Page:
Microsoft Office Tutorials and References
In Depth Information
Essential Database Concepts
Modules for writing your own programs
Okay, now we come to the serious programming stuff: modules, which is
another term for Visual Basic programs. Visual Basic for Applications (VBA)
is a programming language based on the age-old BASIC language; it’s
specifically geared toward Access and other Office programs. Macros are fine for
saving a few keystrokes or cleaning up the data you enter in a field, but when
the going gets complex, use VBA.
Book I
Chapter 1
Programming isn’t for the technologically faint of heart, and fortunately, it’s
rarely necessary. But when everything else is done in your database, take a
look at Book VIII for an introduction to VBA programming. Writing small
programs isn’t all that hard — and if you acquire a taste for programming,
who knows what you’ll end up creating?
Essential Database Concepts
Here are the Five Commandments of Databases. (Aren’t you relieved that
there aren’t ten?) You’ll find lots more important rules and guidelines
throughout this topic as you discover how to work with various Access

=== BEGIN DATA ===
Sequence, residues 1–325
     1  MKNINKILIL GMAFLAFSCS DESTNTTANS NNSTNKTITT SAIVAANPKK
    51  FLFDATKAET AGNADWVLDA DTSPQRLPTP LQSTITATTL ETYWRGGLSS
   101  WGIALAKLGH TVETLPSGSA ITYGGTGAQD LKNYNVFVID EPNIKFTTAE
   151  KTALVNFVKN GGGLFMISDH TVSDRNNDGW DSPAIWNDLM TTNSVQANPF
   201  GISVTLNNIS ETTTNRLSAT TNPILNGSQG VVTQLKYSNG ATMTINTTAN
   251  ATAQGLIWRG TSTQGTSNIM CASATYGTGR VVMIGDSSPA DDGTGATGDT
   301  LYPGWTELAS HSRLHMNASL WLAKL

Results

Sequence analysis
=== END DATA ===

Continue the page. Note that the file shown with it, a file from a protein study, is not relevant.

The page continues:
objects, but these five rules apply right from the start, no matter what kind
of database you’re using:
Store information where it belongs, not where it appears. Where you
store information has nothing to do with where it appears. In a
spreadsheet, you type information where you want it to appear when you print
the spreadsheet, but databases work differently. In a database, you store
information in tables based on the structure of the information. (Don’t
worry — Chapter 3 of this minibook explains how to figure out the
structure of your data.) Each piece of information likely appears in lots of
reports. In a database for an online bookstore, for example, book titles
and author names appear on your invoices, purchase orders, and
sales receipts. But the right place to store those book titles and author
names probably is the Books table, not the Sales table or the Purchase
Orders table.
Store information as it really exists, not as you want it to appear in
a specific report. This rule is a corollary to the first rule. If you want
book titles to appear in all uppercase (capital) letters in your purchase
orders, Access can capitalize the titles for you. Store the book titles with
correct capitalization so you aren’t stuck with them in all caps on every
report. Access has built-in formatting options that control the way that
text, numbers, and dates are formatted, as described in Book II, Chapter 1.
Functions are also available for more advanced formatting, as you learn
in Book III, Chapter 2.
Avoid garbage in, garbage out (GIGO). If you don’t bother to create
a good, sensible design for your database — and if you aren’t careful
about entering correct, clean data — your database will end up full of
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